The Bangladeshi government is especially stretched this season and is hastily preparing temporary camps on Thengar Char, a previously unsettled island. Aid agencies have expressed doubts about the living conditions at the proposed site and potential for greater exposure to adverse conditions. Government officials have since anonymously admitted that the location is uninhabitable. One refugee said, “no Rohingya is willing to move to that island. But we do not have a choice…We have been caught between the devil and the deep sea.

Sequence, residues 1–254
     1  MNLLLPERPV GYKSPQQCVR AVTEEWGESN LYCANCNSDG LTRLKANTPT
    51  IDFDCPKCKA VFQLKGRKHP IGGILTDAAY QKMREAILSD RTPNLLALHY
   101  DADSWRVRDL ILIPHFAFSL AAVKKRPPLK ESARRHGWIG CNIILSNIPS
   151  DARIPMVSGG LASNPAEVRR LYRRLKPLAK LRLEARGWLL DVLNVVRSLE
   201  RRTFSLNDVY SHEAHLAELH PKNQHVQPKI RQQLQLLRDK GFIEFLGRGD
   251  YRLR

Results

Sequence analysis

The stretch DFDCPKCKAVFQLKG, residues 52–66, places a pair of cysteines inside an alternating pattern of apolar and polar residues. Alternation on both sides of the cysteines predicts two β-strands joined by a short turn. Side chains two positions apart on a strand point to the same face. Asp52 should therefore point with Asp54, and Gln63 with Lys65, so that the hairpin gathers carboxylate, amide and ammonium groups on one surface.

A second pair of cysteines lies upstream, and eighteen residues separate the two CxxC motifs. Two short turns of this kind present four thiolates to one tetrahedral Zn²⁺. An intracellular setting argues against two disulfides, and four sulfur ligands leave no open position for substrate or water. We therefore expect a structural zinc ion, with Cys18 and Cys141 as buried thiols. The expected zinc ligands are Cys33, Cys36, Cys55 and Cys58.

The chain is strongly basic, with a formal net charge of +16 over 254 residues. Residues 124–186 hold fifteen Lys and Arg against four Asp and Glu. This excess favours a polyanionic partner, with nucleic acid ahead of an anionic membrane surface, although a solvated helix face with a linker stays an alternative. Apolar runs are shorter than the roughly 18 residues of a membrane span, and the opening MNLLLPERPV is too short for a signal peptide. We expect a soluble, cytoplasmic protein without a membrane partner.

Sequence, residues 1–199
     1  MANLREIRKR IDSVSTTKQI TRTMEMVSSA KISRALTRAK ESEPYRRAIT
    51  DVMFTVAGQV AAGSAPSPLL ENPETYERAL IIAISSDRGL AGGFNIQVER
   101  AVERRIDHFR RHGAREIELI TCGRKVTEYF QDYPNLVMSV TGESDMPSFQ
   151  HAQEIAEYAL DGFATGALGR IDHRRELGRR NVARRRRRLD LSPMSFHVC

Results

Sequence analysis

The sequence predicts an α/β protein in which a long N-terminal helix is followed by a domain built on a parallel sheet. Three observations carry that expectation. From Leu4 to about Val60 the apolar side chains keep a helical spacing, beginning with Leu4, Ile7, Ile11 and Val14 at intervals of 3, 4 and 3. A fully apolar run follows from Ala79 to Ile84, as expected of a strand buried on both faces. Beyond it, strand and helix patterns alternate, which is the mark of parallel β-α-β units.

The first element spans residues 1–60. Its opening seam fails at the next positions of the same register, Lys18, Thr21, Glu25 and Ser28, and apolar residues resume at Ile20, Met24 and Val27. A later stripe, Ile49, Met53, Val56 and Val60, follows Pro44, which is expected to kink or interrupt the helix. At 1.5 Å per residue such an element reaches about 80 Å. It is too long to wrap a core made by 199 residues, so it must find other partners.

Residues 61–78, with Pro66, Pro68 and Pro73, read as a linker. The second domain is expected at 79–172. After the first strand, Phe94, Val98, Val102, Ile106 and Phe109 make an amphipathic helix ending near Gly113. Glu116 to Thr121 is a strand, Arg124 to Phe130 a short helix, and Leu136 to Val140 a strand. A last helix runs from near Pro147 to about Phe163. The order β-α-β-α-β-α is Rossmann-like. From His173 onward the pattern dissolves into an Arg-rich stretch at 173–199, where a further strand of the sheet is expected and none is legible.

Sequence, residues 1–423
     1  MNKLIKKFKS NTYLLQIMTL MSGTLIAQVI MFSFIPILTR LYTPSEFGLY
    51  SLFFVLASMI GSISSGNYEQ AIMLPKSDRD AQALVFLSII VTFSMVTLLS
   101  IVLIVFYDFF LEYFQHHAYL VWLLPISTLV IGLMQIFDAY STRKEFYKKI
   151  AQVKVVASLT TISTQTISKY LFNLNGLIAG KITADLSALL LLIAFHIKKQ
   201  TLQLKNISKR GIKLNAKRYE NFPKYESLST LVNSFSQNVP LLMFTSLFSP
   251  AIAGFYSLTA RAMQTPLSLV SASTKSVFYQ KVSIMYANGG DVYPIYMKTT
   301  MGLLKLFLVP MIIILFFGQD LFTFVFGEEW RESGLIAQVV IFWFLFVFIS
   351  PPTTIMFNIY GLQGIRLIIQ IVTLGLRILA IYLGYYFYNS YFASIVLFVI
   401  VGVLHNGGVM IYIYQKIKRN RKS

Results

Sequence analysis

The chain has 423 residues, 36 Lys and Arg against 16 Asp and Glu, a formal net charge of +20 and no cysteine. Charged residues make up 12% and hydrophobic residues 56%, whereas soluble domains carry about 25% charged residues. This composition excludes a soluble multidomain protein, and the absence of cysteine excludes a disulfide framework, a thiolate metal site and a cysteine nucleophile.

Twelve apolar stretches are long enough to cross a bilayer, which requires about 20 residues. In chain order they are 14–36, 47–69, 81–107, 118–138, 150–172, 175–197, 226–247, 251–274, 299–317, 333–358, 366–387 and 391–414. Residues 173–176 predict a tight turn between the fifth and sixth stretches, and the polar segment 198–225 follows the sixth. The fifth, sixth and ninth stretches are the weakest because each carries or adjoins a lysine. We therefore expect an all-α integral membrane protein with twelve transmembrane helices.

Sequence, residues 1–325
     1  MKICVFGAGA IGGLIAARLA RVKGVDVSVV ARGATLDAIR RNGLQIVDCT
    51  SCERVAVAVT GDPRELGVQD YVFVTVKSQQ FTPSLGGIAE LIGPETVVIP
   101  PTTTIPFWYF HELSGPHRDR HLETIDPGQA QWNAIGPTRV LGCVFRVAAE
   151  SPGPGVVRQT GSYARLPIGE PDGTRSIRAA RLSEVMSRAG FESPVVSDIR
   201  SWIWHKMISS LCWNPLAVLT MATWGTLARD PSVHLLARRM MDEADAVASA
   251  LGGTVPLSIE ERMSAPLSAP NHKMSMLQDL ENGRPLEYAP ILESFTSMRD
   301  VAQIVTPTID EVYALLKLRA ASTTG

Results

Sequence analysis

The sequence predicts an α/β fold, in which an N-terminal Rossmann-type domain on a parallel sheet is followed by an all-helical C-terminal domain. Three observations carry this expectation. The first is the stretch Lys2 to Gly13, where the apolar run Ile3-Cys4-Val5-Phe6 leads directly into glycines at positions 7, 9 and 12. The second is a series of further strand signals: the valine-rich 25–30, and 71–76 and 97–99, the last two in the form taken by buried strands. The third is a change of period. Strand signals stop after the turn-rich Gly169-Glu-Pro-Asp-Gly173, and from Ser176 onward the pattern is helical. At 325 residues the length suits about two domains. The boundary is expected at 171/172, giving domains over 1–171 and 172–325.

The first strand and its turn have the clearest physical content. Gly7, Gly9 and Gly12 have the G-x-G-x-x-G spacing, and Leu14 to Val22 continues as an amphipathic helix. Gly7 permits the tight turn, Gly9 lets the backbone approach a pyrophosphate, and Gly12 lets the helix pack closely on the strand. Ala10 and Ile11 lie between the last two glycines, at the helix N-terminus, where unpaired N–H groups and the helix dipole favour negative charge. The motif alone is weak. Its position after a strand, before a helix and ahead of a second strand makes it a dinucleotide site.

The UN would prefer to relocate migrants to higher ground to protect against drowning. Given the scarcity of dry land, it will not be possible to move the entire population. Consequently, parallel preparations are underway in cooperation with the government to secure infrastructure. This includes reinforcing footpaths and stabilising slopes to prevent excessive erosion or collapse. In a bid to upgrade camps, over 40,000 families have been trained in basic measures which include using sandbags to anchor down shacks and mud to fortify weak structures. Excavating clogged waterways to support the free flow of water through the Naf River, which marks the border between southeastern Bangladesh and western Myanmar is another priority.